two specific developments: passage by Congress in 1984 of the
Equal Access Law, which allows student-initiated religious groups
or other groups not related to the curriculum to meet, without
school sponsorship, during noninstructional time; and the U.S.
Department of Education's issuance in August 1995 of guidelines
on "Religious Expression in Public Schools."
A minority of speakers at the hearing cited anecdotes about
alleged violations of studentsí religious freedom. These turned
out to be either exaggerations or cases of mistakes by teachers
or administrators that were easily remedied by a phone call or
letter. The occasional violations of student rights, like "man
bites dog" stories, are few and far between and certainly do
not point to any need to amend the Constitution.
Julie Underwood, general counsel designate for the National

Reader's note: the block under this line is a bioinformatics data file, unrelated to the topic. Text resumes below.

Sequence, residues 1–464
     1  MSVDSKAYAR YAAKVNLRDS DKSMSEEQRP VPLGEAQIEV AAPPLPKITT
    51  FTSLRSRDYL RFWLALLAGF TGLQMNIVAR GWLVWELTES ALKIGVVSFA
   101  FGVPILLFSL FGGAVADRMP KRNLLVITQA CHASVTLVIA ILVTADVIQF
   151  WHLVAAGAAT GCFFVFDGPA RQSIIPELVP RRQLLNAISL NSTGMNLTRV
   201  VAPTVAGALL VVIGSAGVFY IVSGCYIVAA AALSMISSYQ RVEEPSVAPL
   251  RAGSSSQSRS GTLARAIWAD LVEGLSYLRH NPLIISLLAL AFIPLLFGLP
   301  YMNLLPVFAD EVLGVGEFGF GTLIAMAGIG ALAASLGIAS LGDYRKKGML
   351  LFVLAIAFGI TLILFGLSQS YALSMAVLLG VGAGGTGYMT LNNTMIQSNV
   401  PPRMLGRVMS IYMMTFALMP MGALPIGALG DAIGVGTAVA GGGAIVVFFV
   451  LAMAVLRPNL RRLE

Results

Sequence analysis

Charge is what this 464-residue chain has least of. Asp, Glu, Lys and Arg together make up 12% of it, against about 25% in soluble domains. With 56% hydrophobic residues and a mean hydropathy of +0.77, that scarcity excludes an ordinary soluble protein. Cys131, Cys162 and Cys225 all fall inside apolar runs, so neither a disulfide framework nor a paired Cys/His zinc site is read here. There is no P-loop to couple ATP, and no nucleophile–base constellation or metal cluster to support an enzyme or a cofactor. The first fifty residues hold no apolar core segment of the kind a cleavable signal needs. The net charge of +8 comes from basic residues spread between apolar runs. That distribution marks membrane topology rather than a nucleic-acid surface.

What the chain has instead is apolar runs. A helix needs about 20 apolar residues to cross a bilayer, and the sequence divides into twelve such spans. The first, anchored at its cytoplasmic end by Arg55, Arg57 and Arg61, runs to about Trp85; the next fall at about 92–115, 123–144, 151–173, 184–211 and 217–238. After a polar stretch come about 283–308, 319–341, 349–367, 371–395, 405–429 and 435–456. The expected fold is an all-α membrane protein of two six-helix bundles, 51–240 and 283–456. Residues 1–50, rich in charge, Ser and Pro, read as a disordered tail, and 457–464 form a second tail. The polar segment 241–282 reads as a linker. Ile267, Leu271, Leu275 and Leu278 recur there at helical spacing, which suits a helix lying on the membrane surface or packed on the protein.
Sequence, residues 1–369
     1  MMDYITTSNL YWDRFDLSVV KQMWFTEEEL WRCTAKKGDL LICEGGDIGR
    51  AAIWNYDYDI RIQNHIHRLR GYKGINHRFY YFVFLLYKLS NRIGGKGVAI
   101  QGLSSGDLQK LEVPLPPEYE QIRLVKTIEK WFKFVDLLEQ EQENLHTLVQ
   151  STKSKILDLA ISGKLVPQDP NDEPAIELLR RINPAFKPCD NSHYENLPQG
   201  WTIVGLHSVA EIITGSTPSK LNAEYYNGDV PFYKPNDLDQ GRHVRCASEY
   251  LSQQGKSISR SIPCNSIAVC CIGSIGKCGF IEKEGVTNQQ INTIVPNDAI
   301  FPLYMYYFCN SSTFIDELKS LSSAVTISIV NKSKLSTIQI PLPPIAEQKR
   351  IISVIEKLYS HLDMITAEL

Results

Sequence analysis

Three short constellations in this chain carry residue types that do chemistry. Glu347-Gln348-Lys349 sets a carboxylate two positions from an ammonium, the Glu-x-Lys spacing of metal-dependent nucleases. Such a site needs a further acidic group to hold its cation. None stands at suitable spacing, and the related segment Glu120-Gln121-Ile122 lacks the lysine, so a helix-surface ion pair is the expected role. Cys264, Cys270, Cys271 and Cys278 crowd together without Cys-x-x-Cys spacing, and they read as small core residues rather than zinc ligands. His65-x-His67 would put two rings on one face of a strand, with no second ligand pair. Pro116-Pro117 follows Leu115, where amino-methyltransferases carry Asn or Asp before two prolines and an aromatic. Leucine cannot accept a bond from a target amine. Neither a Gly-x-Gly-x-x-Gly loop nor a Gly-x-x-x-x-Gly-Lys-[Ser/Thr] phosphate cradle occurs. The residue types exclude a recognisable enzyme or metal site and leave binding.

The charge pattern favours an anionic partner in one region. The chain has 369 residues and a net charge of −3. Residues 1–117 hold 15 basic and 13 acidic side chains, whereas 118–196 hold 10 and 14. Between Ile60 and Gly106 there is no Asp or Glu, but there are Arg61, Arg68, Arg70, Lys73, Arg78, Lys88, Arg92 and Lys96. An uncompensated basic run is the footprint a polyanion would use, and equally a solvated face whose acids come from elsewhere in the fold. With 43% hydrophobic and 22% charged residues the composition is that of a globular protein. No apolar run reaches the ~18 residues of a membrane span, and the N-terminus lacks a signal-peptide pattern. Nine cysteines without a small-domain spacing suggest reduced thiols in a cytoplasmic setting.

School Boards Association, told the hearing that inquiries to
the NSBA about what is or is not permitted in public schools
declined almost to the vanishing point once the "Religious
Expression in Public Schools" guidelines were published.
The guidelines grew out of a document titled "Religion
in the Public Schools: A Joint Statement of Current Law,"
issued in April 1995 by a broad coalition of 36 religious
and civil liberties groups.
The statement declared that the Constitution "permits much
private religious activity in and around the public schools
and does not turn the schools into religion-free zones." The
statement went on to detail what is and is not permissible in
On 12 July 1995 President Clinton discussed these issues in a
major address at - appropriately - James Madison High School in
northern Virginia and announced that he was directing the Secretary
of Education, in consultation with the Attorney General, to issue
advisory guidelines to every public school district in the country.
This was done in August.
In his weekly radio address of 30 May 1998, anticipating the June 4
House debate and vote on the Istook Amendment, the President again
addressed the issue and announced that the guidelines, updated slightly,
were being reissued and sent to every district. This effort undoubtedly